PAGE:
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This is Your Brain on Discounts: The Science of Why We’re Slaves to a Sale

The French know a great deal about inciting desire, and that extends to consumer goods, too
by Caitlin Schiller | Jun 11 2015

The history of the discount begins in Paris, France – home to the country’s first department store, Le Bon Marché.

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In 1869 the store’s savvy owner, Aristide Boucicaut, introduced a novel component to the buying process: the price tag. A fair-feeling phenomenon that replaced haggling, the price tags at Bon Marché are reported to be the first time customers ever encountered a set price.

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But Boucicaut soon realized that fixed prices had even more potential—they also provided a new method for getting rid of items that didn’t sell well, were out of season, or of which there were simply too many.

Boucicaut went out on a limb, cut his prices, and advertised widespread deals on past-season items. People clamored to get in the Bon Marché’s door, et voila! the discount was born.

Today, an American college kid or a Chinese diplomat reacts to a sale no differently than those first bargain-hunting Parisians: we’re hardwired to be enraptured by price cuts. Why? Discounts play on five key concepts to which we respond very strongly: fear, irrationality, injustice, scarcity, and loss aversion.

I delved into six of the best books on neuromarketing, psychology, and discount phenomena to unearth the science behind why we mortals are slaves to a sale. What I found was a lot of chemicals whizzing around, an explanation for why I’m so great at the 5 and 10 times tables (but none of the others), and a healthy dose of FOMO.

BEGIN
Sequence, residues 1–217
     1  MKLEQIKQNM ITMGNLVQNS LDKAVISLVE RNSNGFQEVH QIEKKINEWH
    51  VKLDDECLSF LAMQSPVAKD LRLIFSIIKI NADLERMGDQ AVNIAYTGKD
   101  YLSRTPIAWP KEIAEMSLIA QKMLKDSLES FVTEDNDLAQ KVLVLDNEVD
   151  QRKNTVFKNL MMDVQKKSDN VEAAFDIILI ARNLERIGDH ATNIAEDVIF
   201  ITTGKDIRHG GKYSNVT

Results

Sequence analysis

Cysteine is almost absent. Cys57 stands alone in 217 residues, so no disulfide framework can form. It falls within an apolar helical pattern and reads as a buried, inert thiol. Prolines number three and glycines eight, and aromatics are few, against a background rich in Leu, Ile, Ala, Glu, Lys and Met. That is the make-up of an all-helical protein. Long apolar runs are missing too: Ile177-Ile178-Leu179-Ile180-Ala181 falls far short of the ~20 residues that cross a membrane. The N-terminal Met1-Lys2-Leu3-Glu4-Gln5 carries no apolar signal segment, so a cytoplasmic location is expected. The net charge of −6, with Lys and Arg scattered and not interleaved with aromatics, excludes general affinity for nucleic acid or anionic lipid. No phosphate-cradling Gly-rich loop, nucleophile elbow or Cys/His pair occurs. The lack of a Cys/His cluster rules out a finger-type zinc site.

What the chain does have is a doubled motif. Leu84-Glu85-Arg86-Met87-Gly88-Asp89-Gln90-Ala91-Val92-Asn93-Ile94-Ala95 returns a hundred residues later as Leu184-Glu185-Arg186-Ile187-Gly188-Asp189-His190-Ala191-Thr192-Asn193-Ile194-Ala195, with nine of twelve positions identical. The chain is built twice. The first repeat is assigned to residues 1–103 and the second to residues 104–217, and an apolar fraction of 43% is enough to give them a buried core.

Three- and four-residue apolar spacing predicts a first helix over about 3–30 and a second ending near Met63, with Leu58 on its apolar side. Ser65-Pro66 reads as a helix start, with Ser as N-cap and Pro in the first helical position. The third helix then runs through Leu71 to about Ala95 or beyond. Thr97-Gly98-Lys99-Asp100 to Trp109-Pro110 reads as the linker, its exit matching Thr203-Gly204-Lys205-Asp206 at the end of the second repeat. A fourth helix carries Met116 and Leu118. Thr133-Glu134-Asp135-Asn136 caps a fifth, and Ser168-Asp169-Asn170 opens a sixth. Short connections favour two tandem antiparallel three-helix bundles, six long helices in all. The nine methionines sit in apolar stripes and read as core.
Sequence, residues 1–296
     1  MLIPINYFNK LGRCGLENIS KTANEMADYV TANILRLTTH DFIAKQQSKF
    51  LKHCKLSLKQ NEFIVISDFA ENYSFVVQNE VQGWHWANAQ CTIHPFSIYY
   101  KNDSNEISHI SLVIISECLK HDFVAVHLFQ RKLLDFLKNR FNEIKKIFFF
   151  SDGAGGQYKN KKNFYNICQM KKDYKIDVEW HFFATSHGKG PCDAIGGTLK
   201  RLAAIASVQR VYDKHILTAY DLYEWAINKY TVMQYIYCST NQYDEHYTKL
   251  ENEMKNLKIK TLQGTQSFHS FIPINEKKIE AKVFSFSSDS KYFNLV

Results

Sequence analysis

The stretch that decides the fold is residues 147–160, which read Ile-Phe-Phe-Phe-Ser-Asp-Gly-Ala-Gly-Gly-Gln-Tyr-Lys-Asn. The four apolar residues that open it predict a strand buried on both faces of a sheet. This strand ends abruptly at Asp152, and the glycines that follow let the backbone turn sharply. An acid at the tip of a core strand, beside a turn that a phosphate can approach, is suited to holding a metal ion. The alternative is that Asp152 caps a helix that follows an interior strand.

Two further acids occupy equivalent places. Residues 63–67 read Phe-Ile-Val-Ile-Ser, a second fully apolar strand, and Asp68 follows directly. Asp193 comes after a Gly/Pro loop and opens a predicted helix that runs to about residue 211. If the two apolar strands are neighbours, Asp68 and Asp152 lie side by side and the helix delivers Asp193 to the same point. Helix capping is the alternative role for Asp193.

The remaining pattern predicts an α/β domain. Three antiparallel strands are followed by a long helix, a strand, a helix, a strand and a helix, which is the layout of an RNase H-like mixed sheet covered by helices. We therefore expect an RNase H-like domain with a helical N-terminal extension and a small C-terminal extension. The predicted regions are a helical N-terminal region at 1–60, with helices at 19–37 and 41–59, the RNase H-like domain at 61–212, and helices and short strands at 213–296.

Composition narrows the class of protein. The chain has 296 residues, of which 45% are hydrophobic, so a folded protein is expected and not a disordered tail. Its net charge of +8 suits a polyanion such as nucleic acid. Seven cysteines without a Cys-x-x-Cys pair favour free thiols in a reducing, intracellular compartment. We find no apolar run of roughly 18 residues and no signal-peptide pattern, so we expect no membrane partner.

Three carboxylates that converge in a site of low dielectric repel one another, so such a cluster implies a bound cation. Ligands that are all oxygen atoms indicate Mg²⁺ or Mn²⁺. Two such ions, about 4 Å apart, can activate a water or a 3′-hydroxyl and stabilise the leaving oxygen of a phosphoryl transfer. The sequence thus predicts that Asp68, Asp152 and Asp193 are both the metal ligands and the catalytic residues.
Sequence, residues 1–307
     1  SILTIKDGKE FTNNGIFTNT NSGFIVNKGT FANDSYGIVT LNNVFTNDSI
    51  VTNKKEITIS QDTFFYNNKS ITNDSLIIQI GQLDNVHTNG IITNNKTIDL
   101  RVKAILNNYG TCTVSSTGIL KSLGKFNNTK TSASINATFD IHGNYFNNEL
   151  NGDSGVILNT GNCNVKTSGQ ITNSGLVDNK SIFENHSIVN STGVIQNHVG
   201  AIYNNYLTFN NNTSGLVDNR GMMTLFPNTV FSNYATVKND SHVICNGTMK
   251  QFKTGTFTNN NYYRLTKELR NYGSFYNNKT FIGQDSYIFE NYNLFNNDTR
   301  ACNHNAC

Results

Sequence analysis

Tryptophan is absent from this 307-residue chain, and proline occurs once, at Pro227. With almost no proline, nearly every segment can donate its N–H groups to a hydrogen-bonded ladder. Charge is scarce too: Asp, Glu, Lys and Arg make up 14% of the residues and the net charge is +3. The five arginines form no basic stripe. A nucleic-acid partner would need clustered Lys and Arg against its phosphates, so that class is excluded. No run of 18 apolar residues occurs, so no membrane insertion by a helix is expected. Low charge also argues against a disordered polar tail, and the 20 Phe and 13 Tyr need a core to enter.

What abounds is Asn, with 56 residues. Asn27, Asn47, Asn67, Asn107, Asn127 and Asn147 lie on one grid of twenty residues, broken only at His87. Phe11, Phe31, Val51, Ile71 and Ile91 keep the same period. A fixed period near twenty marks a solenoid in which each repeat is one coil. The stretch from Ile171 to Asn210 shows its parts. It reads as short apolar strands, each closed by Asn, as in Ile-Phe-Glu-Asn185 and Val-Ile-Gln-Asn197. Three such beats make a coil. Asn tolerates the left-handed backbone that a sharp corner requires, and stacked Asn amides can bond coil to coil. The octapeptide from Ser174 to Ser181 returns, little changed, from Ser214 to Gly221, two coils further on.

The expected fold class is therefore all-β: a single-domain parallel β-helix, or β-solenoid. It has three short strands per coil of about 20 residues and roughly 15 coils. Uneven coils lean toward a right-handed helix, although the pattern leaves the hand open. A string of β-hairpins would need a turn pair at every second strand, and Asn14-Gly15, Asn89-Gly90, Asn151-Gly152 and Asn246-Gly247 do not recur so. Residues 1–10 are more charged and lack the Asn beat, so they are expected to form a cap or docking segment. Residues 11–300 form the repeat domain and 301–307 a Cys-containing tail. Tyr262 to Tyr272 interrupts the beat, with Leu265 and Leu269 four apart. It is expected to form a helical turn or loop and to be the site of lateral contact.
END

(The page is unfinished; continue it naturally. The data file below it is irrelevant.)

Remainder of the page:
Read on to understand the science behind why you can’t resist a sale.

Fear: Buy this fancy alarm system or your family is doomed

It’s a sunny afternoon. A mother and daughter pass a soccer ball back and forth in a fenced-in suburban backyard. What they don’t know is that through a knothole in the fence, a sinister man is watching them. Only moments after they step inside to prepare lunch, that man will burst violently into their home with intentions we wouldn’t dare to predict.

Despite the fact that the crime rate was declining when this commercial for Broadview Security aired in 2009, sales for the company’s alarm systems spiked 10%. But why would people buy a costly security system they didn’t rationally need? Fear.

When we’re afraid, we’re chemically compelled to purchase products we don’t need or want because our bodies know that we’ll get a hit of a soothing neurotransmitter called dopamine.

Dopamine is associated with feelings of pleasure and satisfaction, and it’s released when we experience something new, exciting, or challenging. A great way to score a hit of pleasurable dopamine to even out times of stress is to shop. The cycle goes as such: feel fear→ buy thing→ get squirt of dopamine→ feel better.

Though calming it may be, Mark Ellwood points out in Bargain Fever that too much dopamine addles our senses and makes it very difficult for us to purchase rationally. An overage of dopamine coursing through the system cripples the brain region known as the dorsolateral prefrontal cortex (DPC), which is responsible for weighing pros and cons. A temporarily impaired DPC can make us likelier to submit to the siren song of special offers or security systems we don’t even need.

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The deal: Fear and stress—whether spurred by a car chase or by fear-mongering commercials—make us crave a hit of calming dopamine. The dopamine can addle our reasoning minds so that we’re more susceptible to making unnecessary purchases. Because these purchases make us feel good, we’re more likely to keep on buying in times of stress.

Irrationality: Buy this computer for just $999.99!